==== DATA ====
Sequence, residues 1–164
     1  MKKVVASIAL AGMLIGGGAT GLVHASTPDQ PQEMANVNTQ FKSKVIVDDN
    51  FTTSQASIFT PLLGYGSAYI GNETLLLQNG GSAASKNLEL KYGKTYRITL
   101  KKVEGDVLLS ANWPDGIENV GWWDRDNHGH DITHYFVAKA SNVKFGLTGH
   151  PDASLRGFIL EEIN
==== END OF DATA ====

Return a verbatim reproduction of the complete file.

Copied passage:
Sequence, residues 1–164
     1  MKKVVASIAL AGMLIGGGAT GLVHASTPDQ PQEMANVNTQ FKSKVIVDDN
    51  FTTSQASIFT PLLGYGSAYI GNETLLLQNG GSAASKNLEL KYGKTYRITL
   101  KKVEGDVLLS ANWPDGIENV GWWDRDNHGH DITHYFVAKA SNVKFGLTGH
   151  PDASLRGFIL EEIN